The Works

Conservative Green Energy Lovers Could Complicate Red State Fights

Who will win in the battle between the Koch brothers and pro-environment conservatives?

(Photo by Drenaline)

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Last year’s election added five new Republican seats to Kansas’ already bright red house, leading some to predict that the state could finally trounce its renewable energy mandates in 2015.

Led by American Legislative Exchange Council (ALEC)-drafted policy, conservative leaders in a number of states, including Kansas, tried to kill their clean-energy standards in 2013. Not a single attempt was successful.

“But in the wake of a Republican wave in several states in November, attacks on renewable energy standards may resurface,” Elizabeth Daigneau writes in January’s Governing, listing Michigan, Missouri, North Carolina and Ohio alongside the Sunflower state.

This year, however, they could face some surprising opposition.

From Barry Goldwater Jr.’s Tell Utilities Solar Won’t Be Killed (T.U.S.K) in Arizona to the Green Tea coalition emerging out of Georgia to pro-business, pro-wind advocates in Kansas, a number of well-organized, grassroots groups have begun championing alternative energy on free market values. Many of these organizations have, so far, rallied around rooftop solar and net metering, but their presence could be felt in the coming RPS battles — even though many of the Koch-funded groups pushing to end state mandates also claim free-market ideals.

Past fights haven’t exactly cut clear right-left battle lines either. Gabe Elsner is the executive director of the Energy and Policy Institute, a clean energy think tank. Observing and advocating for state mandates throughout 2013, he says that, although leaders pushing to repeal renewable portfolio standards (RPS) were generally Republicans, those in favor of keeping them came from both parties.

“The energy policy battles in 2013 set up a lot of interesting dynamics,” he says. “You had fossil fuel-funded special interests and their front groups trying to protect their market dominance.”

However, he adds, “massive investment in clean energy was driving jobs and growth so over the last few years we’ve seen bipartisan support of the clean energy standards.”

He points to the failure of RPS repeals, even in deeply conservative states, as evidence of this support.

But since a 2013 report prepared for Edison Electric Institute predicted that “disruptive technologies” like solar, wind and geothermal could “directly threaten the centralized utility model,” net metering fights across the country have also pitted homeowners against the regulated monopolies controlling their grid, making unlikely allies of the Tea Party and Sierra Club. The website of Arizona-based T.U.S.K. describes the policy battles in language that could belong on conservative talk radio.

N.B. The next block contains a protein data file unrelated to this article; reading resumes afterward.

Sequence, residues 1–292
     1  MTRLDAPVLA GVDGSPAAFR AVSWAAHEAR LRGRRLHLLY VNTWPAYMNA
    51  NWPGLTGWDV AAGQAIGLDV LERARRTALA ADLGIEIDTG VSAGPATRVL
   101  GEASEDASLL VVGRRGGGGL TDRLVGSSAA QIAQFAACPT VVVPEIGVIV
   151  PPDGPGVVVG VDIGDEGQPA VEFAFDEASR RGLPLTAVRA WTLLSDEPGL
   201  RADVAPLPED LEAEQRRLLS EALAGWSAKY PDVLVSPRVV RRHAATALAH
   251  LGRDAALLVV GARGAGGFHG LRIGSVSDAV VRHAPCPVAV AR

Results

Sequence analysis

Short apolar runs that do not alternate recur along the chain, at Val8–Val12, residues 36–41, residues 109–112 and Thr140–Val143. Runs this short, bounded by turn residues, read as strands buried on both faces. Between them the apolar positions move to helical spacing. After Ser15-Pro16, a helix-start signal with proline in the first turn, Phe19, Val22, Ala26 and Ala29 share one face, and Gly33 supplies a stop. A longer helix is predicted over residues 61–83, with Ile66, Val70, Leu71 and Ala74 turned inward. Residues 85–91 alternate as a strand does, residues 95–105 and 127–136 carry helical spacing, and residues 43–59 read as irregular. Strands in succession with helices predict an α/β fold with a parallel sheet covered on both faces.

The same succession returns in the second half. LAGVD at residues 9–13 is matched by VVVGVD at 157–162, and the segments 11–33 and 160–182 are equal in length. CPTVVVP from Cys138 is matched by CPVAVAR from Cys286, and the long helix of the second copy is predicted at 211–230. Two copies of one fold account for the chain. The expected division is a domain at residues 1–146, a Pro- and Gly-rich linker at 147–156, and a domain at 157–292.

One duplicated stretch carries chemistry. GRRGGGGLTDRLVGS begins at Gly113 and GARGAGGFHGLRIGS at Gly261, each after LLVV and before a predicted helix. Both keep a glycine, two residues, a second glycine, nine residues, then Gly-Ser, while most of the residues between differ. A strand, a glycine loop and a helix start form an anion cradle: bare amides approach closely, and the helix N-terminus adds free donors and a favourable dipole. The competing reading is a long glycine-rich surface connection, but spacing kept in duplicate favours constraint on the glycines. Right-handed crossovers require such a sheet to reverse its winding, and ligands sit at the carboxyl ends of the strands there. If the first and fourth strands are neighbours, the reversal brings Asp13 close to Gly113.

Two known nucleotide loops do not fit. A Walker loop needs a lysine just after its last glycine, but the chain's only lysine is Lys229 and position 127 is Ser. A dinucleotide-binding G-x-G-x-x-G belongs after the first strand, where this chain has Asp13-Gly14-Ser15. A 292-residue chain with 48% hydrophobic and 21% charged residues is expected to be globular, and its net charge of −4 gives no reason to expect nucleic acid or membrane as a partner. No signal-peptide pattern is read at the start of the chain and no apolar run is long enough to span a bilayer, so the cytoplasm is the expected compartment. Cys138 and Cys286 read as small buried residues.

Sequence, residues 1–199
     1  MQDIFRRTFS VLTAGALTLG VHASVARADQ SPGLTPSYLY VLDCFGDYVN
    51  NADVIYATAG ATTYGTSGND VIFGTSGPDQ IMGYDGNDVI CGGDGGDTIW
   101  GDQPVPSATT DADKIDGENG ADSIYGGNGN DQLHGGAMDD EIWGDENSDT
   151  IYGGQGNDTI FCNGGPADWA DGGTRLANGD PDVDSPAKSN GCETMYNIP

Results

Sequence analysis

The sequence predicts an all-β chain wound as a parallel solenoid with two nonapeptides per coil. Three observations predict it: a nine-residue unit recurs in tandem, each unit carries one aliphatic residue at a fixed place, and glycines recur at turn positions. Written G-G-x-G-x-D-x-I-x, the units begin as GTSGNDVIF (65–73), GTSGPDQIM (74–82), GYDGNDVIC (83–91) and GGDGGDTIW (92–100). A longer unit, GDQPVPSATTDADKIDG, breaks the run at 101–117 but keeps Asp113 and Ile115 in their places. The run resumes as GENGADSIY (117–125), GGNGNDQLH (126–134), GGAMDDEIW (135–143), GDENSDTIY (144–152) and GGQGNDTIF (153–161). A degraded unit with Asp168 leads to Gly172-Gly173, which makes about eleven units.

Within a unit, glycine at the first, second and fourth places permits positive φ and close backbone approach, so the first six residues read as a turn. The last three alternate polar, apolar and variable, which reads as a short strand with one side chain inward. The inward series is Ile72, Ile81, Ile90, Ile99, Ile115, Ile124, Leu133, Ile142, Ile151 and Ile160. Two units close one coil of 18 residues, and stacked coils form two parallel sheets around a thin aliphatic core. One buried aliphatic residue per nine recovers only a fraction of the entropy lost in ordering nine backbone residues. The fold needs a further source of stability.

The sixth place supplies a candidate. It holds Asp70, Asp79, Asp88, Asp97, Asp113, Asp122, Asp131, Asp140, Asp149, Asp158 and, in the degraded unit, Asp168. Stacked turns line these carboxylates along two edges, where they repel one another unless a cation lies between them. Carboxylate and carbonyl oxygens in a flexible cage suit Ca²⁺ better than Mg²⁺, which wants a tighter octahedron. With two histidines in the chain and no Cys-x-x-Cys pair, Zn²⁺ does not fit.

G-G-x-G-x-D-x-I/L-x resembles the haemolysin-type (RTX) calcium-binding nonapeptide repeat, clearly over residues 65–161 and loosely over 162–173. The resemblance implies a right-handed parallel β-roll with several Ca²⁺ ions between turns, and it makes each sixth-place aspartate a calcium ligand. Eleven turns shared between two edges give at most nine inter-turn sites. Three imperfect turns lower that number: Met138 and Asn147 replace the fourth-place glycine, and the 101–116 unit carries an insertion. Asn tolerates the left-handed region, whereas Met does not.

“Monopoly utilities want to extinguish the intendment rooftop solar market in America to protect their socialist control of how we get electricity,” it states.

In Florida, meanwhile, a group called Conservatives for Energy Freedom is gathering signatures for a ballot amendment that would allow residents to produce and sell solar energy directly to other consumers. Its founder, Debbie Dooley, is also cofounder of the Atlanta Tea Party, and one of 22 people who helped jumpstart the movement nationally in 2009.

“I realized that I wanted to bring up a group that was strictly conservatives advocating for solar and other forms of clean energy,” she says of her decision to bring alternative energy and free market advocacy together under the heading “Green Tea.”

Too many conservatives, she adds, “have been brainwashed into thinking that only tree huggers and liberals care about the environment.”

Neither group has advocated heavily, so far, on the issue of state mandates — and they’re not exactly a natural fit. On an ideological level, Dooley explains, she believes in removing all mandates. But in the technical interest of allowing solar and wind to compete with coal and oil, she also reads between the lobbying lines.

“You have to look at it on a state-by-state basis,” she says, in response to my question on what she thinks of RPS. “The Koch Brothers are trying to throw back solar on a state-by-state level … They understand that solar is taking off, and they’re trying to stop competition.”

And while some of the players pushing hard against the mandates — Koch Industries in Wichita, ALEC, Americans for Prosperity — call attention to subsidies and “training wheels” as the root of their libertarian opposition, Dooley points out the double standard.

“It’s hard to see Republicans talking about energy subsidies and ignoring the subsidies going to coal and nuclear,” she says. “Conservatives should not cherry-pick their principles.”

Whether or not T.U.S.K., the Green Tea coalition and others like them will take on RPS battles in 2015, Elsner says he anticipates fights in Kansas, Ohio, North Carolina and Maine this year — and he thinks conservatives will continue to play a big part in keeping them intact.

“There’s going to be a battle between free-market supporters who want a thriving clean energy economy that can compete and those who are working with special interests and fossil fuel groups,” he says.

The Works is made possible with the support of the Surdna Foundation.

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Rachel Dovey is an award-winning freelance writer and former USC Annenberg fellow living at the northern tip of California’s Bay Area. She writes about infrastructure, water and climate change and has been published by Bust, Wired, Paste, SF Weekly, the East Bay Express and the North Bay Bohemian

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Tags: climate changeenergysolar power

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